Hired to design an outdoor sanctuary for his client’s ailing wife, Randy Tumber set out to create a natural oasis over 10 acres of reconstructed hay fields in southern Ontario, Canada. He envisioned a place where she could relax among the blooming perennials and flowering shrubs, and the soothing sounds of dual waterfalls.
His design, which included two ponds at different elevations and a network of streams, required one key element to make this backyard sanctuary complete: wheelchair accessibility. “That had a major impact on everything we did,” says the president of Tumber & Associates in Orangeville, Ontario.
Instead of his preferred use of natural flagstone or weathered limestone for the pathways, Tumber opted for poured concrete. “Even with flush mortar joints, it’s still difficult to [operate] a wheelchair on natural stone because of the inconsistency in the surface,” he says. “Concrete could accommodate the great modulations and contours that had to be designed and constructed around that 12-to-1 wheelchair gradient.”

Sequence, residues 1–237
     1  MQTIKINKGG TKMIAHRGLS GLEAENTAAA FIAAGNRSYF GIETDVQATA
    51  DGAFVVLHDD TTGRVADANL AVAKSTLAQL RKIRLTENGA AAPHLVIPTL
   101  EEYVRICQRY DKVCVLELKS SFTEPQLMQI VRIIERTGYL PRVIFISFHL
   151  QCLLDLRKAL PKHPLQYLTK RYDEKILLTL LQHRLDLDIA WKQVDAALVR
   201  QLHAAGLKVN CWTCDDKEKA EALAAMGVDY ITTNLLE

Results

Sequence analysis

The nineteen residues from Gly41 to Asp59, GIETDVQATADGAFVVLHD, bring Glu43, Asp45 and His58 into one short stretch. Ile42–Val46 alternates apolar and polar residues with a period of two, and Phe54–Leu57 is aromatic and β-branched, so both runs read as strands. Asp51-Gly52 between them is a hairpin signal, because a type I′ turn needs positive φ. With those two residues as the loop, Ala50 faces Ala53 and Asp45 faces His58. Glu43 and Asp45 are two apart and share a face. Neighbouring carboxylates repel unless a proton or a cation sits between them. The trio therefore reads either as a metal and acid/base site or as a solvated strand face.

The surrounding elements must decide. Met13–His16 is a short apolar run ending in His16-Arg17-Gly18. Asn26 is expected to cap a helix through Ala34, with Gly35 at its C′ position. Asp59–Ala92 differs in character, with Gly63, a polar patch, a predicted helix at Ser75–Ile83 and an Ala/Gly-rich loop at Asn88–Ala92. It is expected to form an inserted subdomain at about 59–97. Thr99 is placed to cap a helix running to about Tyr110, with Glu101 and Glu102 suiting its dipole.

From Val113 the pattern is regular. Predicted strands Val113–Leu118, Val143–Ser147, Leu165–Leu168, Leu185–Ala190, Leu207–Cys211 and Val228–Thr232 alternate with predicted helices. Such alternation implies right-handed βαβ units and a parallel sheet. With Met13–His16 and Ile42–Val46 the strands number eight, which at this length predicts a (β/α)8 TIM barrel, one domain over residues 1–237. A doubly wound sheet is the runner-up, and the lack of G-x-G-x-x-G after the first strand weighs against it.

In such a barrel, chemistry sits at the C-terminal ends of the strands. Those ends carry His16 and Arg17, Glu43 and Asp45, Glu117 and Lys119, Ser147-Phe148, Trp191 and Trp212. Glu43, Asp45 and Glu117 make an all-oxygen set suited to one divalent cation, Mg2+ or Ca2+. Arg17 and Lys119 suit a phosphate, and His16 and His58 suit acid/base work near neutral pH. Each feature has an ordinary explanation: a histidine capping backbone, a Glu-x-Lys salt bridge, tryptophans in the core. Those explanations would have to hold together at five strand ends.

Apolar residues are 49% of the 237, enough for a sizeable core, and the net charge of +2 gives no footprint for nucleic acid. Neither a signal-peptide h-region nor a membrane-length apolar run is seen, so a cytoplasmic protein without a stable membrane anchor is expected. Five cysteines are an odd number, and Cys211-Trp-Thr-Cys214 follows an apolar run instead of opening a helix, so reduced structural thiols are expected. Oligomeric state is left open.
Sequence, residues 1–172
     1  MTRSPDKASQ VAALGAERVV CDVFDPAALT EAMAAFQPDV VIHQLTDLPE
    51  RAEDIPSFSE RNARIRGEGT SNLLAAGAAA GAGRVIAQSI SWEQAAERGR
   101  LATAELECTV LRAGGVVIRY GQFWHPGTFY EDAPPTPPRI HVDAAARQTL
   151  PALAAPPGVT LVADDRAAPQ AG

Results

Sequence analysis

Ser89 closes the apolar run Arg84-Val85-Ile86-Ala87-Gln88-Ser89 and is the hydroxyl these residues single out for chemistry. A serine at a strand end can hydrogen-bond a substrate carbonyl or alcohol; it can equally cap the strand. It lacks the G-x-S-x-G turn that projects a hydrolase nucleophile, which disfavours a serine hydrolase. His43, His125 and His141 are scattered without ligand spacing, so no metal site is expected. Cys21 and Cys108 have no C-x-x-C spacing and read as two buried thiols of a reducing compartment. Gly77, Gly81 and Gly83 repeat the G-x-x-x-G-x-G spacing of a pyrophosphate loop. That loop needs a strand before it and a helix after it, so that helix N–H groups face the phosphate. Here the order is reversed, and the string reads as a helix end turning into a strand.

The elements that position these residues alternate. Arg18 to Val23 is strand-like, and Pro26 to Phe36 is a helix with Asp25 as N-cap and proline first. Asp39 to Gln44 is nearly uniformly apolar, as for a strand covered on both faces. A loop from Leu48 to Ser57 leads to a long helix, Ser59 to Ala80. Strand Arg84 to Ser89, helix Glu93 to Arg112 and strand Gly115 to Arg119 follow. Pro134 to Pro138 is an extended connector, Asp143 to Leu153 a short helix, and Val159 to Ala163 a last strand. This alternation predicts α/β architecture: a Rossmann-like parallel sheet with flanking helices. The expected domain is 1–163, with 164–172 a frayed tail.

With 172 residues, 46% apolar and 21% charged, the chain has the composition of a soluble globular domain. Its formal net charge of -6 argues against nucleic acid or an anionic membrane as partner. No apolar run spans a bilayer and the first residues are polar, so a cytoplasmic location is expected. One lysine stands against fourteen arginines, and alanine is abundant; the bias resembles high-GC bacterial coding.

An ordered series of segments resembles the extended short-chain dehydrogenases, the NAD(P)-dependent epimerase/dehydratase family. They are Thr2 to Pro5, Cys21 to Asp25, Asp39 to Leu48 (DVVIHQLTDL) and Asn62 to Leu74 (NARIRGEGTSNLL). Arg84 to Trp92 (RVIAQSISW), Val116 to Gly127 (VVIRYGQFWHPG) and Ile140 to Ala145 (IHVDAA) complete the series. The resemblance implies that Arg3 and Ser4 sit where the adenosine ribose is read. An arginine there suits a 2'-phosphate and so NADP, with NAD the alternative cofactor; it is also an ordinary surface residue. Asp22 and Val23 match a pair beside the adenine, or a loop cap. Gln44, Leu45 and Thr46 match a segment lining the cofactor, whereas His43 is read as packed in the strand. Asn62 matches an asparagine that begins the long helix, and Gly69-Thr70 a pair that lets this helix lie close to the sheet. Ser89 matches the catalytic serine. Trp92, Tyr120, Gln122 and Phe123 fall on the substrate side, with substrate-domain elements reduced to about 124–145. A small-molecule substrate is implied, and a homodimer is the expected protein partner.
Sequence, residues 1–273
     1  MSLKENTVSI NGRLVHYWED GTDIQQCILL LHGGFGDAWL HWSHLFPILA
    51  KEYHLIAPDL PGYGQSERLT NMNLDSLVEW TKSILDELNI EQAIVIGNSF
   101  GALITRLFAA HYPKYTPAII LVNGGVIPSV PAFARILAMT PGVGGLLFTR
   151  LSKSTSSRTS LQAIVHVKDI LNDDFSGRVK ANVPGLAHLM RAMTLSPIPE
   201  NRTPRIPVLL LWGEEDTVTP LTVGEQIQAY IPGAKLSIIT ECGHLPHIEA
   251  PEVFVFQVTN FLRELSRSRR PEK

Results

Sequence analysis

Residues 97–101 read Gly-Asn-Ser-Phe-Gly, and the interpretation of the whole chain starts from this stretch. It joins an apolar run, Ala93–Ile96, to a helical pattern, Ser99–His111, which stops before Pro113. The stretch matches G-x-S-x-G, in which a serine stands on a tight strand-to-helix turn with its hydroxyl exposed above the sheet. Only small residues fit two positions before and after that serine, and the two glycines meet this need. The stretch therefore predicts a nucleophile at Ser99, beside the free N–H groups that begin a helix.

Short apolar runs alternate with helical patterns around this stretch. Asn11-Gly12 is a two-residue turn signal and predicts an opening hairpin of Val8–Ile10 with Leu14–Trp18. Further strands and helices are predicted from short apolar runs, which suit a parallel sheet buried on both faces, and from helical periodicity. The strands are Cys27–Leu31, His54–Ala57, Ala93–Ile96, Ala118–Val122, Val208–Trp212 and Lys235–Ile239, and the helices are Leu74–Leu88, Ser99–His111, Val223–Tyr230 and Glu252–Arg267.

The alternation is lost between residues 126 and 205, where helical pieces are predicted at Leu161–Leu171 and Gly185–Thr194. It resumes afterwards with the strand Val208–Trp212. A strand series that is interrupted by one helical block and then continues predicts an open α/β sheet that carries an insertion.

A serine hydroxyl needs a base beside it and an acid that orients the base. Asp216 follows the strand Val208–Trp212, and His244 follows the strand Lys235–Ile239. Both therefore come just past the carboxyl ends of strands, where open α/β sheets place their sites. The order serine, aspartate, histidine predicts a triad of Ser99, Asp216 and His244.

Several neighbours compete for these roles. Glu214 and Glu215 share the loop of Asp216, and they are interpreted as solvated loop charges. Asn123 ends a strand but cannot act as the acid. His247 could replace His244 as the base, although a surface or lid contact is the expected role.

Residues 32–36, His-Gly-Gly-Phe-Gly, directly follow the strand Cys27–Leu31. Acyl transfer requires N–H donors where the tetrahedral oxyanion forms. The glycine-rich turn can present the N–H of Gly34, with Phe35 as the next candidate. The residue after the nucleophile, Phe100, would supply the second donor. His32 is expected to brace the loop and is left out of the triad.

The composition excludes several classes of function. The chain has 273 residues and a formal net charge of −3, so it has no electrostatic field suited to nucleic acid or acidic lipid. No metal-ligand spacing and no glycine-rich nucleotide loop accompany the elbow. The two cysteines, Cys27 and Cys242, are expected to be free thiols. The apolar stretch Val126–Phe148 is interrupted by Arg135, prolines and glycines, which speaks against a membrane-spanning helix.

For maneuverability over the falls, Tumber constructed an arched bridge. “One of her favorite sitting spots ended up being right in the middle of that bridge, slightly to the left of the main cascade from the upper pond,” he says.
The spot now has become a veritable playground for Canadian geese, turtles, walleye fish — and even an industrious beaver. It also serves as a spawning bed for the walleyes. A second generation thrive in the lower pond after only four years.
One of the reasons Tumber’s waterfalls look so natural is his choice of rock placement. “We do not move rocks with dump trucks,” he says. “Those rocks are individually slung and hoisted with cranes, one rock at a time and placed as they were formed by nature.”
In doing so, it allows for more realistic-looking runoff from the 8-foot and 6-foot waterfalls. It also provides visual and audible access to the main cascade from the sitting area in the wife’s personal garden.
“It was important that we be able to project the sound,” Tumber says.
“But you didn’t want to have that roaring sound by the outside sitting terrace,” he adds. “We tuned the waterfeature, so she could hear more of the pleasant, singing water sound, making it a place for quiet meditation and reflection.”
It’s this peacefulness that is his favorite element of the whole design. “I firmly believe that if you haven’t created a situation where people feel moved emotionally by what you’ve done, then you’ve failed,” he says.